Chinese Studies

Study mode:On campus Study type:Part-time Languages: English
Local:$ 4.61 k / Year(s) Foreign:$ 14.5 k / Year(s)  
51 place StudyQA ranking:3560 Duration:12 months

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The emergence of China as a major world power is, quite simply, inescapable and that fact will impact hugely on the UK for the foreseeable future. This impact will be also be felt in regions like the North West which have large Chinese communities, so understanding the issues surrounding the emergence of China will be important for economic, political, social and cultural development in the region and beyond. Manchester has the largest Chinese community outside London with more than 30,000 people of Chinese ethnicity living and working in the City. The University of Manchester itself attracts around 1,500 Chinese students each year.

The Centre for Chinese Studies (CCS) forms part of a consortium, the British Inter-University China Centre (BICC), jointly established with the Universities of Oxford and Bristol. Funded by a total of almost £5 million over five years, BICC aims to develop the UK's premier research and teaching facility on China. The research undertaken by CCS focuses on modern and contemporary China, particularly the second half of the 20th century, following the founding of the People's Republic of China in 1949. China is studied in the broad sense as transnational China, encompassing the whole of the Chinese speaking-world, which is centred around the mainland, but also includes Hong Kong, Taiwan, Macau as well as the diasporic Chinese communities in Europe, Southeast Asia, North America and elsewhere.

China is researched, from a historical and comparative perspective, in the global context to understand how China and Chinese-speaking world influence and impact upon the global community, and vice versa. Current research undertaken by CCS Faculty members includes Sino-Western interactions, contemporary Chinese culture and society, identity formation and transformation, Chinese foreign policy and security, nationalism and transnationalism, diaspora, spatial, visual, and material culture of urban China, and economic transformation. On a theoretical level, research on China should inform social science theorisation on the one hand; and social science theories would help with the understanding of China and its development on the other hand. The efforts to study China in a firm social science/humanities grounding will be enhanced by the organizational setup of the CCS, which is supported by £900,000 of University Strategic Investment Fund money - as the first phase of a planned total investment of £2.5 million over the next few years - and brings together a range of experts from schools and faculties right across the University. The Centre has ten core academic staff and two researchers.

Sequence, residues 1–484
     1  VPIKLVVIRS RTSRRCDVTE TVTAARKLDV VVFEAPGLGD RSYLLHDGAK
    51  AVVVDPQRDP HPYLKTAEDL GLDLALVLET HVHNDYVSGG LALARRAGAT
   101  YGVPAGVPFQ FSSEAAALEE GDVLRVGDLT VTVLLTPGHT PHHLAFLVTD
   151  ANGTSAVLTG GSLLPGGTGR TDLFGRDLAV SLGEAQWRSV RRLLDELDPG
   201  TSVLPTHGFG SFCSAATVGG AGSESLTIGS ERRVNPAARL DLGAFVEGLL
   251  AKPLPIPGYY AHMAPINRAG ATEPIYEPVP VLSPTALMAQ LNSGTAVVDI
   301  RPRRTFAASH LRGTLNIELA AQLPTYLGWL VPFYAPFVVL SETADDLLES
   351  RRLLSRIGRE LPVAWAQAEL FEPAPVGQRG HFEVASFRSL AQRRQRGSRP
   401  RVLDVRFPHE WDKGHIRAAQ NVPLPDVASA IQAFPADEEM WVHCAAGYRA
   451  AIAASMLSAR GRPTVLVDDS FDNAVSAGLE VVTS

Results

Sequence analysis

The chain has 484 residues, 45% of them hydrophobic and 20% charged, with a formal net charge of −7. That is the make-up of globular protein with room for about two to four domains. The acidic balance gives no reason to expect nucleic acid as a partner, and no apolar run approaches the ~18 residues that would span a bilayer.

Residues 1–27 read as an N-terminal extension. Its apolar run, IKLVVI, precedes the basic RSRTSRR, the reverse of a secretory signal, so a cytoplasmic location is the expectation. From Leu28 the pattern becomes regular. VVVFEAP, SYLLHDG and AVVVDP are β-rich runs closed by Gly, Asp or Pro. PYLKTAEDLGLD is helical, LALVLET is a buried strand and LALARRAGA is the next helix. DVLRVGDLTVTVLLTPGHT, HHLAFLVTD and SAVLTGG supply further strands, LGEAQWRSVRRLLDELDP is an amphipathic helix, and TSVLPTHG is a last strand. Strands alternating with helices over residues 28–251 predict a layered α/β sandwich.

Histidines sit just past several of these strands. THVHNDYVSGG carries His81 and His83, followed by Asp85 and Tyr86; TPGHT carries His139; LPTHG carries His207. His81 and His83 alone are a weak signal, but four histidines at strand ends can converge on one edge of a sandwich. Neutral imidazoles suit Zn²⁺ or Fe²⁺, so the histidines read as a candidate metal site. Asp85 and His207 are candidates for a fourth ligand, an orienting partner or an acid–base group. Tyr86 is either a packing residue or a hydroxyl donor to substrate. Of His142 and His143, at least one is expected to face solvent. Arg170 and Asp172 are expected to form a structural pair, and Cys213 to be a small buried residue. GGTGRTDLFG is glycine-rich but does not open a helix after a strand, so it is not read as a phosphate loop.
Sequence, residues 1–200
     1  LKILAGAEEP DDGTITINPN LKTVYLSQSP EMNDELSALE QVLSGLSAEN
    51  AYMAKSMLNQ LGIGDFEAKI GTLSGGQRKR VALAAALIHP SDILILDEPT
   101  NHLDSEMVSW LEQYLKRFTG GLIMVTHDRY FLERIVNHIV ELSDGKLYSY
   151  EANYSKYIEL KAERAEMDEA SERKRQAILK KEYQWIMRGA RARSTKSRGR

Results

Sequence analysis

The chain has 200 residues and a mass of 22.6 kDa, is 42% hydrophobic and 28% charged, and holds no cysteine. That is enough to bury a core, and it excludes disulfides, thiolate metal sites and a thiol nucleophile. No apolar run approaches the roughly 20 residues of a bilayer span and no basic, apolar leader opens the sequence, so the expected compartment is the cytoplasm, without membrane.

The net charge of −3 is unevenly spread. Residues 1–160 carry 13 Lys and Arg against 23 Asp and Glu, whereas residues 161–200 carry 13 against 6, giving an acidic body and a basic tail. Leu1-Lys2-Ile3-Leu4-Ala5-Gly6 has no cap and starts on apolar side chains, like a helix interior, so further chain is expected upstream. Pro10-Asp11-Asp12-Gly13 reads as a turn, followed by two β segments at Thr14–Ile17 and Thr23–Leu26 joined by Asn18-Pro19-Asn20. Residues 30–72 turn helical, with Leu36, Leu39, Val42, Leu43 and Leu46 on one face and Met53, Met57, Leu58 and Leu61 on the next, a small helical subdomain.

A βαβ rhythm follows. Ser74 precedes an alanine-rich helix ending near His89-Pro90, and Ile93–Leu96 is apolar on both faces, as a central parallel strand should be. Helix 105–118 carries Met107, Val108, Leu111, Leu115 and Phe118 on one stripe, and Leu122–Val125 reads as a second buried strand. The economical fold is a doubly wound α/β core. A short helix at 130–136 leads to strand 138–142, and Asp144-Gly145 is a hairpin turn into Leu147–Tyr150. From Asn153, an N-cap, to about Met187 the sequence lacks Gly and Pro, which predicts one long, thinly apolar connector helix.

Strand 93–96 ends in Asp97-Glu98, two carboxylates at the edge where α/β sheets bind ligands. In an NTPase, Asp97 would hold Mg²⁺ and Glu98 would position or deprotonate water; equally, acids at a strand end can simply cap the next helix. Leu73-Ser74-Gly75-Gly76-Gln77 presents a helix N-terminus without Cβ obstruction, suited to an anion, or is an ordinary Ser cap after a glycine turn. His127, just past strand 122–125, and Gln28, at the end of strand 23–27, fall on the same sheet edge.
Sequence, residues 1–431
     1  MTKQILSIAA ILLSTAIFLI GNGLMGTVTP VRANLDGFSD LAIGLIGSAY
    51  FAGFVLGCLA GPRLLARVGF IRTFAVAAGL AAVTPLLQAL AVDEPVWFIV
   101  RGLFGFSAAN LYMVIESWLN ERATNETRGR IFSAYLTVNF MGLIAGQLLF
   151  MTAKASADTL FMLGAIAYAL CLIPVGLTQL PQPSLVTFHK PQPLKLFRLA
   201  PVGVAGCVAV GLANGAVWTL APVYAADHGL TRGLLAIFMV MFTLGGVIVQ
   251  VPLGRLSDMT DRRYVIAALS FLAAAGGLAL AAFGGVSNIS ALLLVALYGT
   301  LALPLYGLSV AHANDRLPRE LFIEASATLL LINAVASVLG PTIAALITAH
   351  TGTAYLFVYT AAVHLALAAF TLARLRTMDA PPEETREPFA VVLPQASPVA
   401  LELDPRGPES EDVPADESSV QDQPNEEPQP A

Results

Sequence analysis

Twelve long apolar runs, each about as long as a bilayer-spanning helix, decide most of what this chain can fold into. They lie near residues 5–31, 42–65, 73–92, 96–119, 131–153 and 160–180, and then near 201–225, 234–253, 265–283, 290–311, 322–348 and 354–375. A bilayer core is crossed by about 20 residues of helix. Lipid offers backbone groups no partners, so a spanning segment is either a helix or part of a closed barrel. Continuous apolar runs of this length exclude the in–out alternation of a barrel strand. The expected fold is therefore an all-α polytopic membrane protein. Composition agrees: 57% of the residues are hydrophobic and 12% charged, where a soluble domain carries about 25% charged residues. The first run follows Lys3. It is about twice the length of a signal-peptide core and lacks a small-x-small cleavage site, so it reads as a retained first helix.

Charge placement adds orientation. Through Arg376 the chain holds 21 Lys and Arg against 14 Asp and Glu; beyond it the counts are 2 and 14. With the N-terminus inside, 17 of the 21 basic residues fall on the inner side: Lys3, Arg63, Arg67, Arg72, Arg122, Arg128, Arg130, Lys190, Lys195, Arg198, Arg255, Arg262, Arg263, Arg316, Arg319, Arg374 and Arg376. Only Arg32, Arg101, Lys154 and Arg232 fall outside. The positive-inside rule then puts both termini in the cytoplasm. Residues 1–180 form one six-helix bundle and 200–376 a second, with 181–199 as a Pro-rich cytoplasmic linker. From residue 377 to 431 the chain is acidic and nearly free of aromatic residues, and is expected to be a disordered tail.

Course content

The research undertaken by the Centre for Chinese Studies (CCS) focuses on modern and contemporary China, particularly the second half of the 20th century, following the founding of the People's Republic of China in 1949.

China is studied as transnational China, encompassing the whole of the Chinese speaking-world, which is centred around the mainland, but also includes Hong Kong, Taiwan, Macau as well as the diasporic Chinese communities in Europe, Southeast Asia, North America and elsewhere. China will be researched, from a historical and comparative perspective, in the global context to understand how China and Chinese-speaking world influence and impact upon the global community, and vice versa.

Current research undertaken by CCS faculty members includes:

* Sino-Western interactions,
* contemporary Chinese culture and society,
* identity formation and transformation,
* Chinese foreign policy and security,
* nationalism and transnationalism,
* diaspora, spatial, visual, and material culture of urban China,
* and economic transformation.

On a theoretical level, research on China should inform social science theorisation on the one hand; and social science theories would help with the understanding of China and its development on the other hand.

The MPhil is suitable for students who wish to undertake original research over a shorter period than the PhD. It involves one year of full-time study or two years of part-time study. A satisfactory MPhil topic is one that a suitably qualified and properly supervised student can bring to completion within the permitted timeframe.

Academic entry qualification overview: Normally successful completion of a taught Masters course, or its overseas equivalent, with an element of research training, is a prerequisite for entry to a MPhil. Completing the MA unit in Research Methods is obligatory for all research students who have not previously received such training.A research proposal must be included with the formal application materials.English language: Students whose first language is not English require an overall IELTS score of 7.0 with 7.0 in the writing component or a TOEFL score of 600 (paper-based test), 250 (computer-based test) or 100 (internet-based test).International entry requirements: We accept a range of qualifications from different countries. English Language Requirements CAE score: (read more) Cambridge English: Advanced (CAE) is part of the Cambridge English suite and is targeted at a high level (IETLS 6.5-8.0). It is an international English language exam set at the right level for academic and professional success. Developed by Cambridge English Language Assessment - part of the University of Cambridge - it helps you stand out from the crowd as a high achiever. 60 (Grade C)
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